An actor (often actress for women; see terminology) is a person who portrays a character in a performance.
The acute accent (´) is a diacritic used in many modern written languages with alphabets based on the Latin, Cyrillic, and Greek scripts.
Ad hoc is a Latin phrase meaning literally "for this".
In phonetics, advanced tongue root and retracted tongue root, abbreviated ATR or RTR, are contrasting states of the root of the tongue during the pronunciation of vowels in some languages, especially in Western and Eastern Africa but also in Kazakh and Mongolian.
An affricate is a consonant that begins as a stop and releases as a fricative, generally with the same place of articulation (most often coronal).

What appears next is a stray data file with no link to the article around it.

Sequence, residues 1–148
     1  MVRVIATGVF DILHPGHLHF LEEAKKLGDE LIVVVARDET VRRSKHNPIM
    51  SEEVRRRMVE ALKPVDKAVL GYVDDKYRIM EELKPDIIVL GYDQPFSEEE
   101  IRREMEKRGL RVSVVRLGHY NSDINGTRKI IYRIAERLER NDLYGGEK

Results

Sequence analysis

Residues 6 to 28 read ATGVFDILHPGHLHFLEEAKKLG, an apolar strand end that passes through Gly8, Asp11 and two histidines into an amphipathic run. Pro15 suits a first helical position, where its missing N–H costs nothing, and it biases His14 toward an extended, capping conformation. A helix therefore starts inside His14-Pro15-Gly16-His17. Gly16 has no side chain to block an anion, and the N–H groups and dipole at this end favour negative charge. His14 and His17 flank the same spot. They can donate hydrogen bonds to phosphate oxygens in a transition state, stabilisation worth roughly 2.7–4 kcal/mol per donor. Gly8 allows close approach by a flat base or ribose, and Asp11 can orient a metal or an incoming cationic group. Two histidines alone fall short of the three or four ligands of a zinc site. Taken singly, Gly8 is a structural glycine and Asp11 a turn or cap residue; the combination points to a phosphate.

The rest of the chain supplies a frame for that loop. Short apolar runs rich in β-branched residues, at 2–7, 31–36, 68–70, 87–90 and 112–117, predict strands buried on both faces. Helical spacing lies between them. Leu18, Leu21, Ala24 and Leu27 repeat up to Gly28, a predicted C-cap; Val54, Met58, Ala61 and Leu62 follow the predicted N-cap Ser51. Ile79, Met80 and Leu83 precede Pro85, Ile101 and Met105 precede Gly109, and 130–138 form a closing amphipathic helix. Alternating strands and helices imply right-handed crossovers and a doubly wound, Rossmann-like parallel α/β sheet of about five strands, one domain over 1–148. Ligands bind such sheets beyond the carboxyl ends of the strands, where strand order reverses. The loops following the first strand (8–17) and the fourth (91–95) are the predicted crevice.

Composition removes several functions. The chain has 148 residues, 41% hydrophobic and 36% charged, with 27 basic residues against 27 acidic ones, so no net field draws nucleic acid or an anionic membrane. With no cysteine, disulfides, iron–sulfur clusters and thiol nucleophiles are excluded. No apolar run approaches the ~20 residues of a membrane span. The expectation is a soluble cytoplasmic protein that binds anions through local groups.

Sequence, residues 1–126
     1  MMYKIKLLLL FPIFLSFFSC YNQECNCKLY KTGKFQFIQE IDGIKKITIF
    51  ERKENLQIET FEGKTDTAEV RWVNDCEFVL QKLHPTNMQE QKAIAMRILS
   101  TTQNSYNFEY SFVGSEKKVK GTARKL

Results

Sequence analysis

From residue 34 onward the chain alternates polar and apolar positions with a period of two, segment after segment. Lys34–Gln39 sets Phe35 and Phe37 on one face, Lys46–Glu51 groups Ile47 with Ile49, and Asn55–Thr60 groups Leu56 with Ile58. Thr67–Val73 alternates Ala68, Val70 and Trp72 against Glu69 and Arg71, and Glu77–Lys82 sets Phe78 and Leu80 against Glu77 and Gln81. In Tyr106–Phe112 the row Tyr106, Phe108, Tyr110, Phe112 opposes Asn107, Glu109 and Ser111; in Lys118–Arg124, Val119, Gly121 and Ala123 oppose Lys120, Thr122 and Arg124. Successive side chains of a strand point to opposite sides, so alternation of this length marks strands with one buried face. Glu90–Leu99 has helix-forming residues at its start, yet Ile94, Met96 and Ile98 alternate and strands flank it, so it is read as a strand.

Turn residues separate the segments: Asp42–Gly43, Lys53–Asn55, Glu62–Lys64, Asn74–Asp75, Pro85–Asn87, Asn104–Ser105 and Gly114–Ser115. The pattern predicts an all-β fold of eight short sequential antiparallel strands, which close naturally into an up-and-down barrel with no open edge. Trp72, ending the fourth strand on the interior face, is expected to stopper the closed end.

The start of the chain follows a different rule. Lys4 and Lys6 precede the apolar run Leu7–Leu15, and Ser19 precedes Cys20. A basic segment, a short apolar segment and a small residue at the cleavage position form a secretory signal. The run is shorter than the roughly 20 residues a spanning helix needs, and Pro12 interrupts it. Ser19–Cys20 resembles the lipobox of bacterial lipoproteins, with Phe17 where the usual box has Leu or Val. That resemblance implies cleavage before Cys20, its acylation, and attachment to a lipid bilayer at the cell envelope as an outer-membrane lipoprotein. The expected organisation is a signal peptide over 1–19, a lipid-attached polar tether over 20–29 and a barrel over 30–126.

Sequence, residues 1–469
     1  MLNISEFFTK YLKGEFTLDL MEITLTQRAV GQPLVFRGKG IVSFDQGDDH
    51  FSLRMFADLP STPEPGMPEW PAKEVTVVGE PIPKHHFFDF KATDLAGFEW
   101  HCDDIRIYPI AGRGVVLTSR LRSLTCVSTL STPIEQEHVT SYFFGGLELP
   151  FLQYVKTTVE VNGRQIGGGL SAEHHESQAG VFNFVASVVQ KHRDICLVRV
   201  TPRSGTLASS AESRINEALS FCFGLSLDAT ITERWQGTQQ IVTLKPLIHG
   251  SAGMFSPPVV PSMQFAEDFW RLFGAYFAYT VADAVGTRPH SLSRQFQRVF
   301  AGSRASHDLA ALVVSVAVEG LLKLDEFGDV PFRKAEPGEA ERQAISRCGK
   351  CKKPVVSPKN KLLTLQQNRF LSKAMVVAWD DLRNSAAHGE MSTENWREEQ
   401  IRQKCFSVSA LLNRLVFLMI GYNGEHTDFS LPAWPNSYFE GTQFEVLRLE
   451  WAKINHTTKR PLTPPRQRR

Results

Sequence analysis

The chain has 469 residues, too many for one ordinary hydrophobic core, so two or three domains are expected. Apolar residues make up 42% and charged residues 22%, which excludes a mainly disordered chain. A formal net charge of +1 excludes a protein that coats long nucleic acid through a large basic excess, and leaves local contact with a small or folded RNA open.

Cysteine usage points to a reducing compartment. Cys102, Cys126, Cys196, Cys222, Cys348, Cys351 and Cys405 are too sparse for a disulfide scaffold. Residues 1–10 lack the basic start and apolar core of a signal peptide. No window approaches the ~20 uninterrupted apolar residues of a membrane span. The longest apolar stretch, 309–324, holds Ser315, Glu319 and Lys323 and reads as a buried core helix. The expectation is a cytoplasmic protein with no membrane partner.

The Africa Alphabet (also International African Alphabet or IAI alphabet) was developed by the International Institute of African Languages and Cultures in 1928, with the help of some Africans led by Diedrich Hermann Westermann, who served as director of the organization from 1926 until 1939.
Retroflex D (Ɖ, ɖ) is a Latin letter representing the voiced retroflex plosive.
In phonetics, the airstream mechanism is the method by which airflow is created in the vocal tract.
Akan is a Central Tano language that is the principal native language of the Akan people of Ghana, spoken over much of the southern half of that country, by about 58% of the population, and among 30% of the population of Ivory Coast.
Alexander John Ellis, (14 June 1814 – 28 October 1890) was an English mathematician, philologist and early phonetician, who also influenced the field of musicology.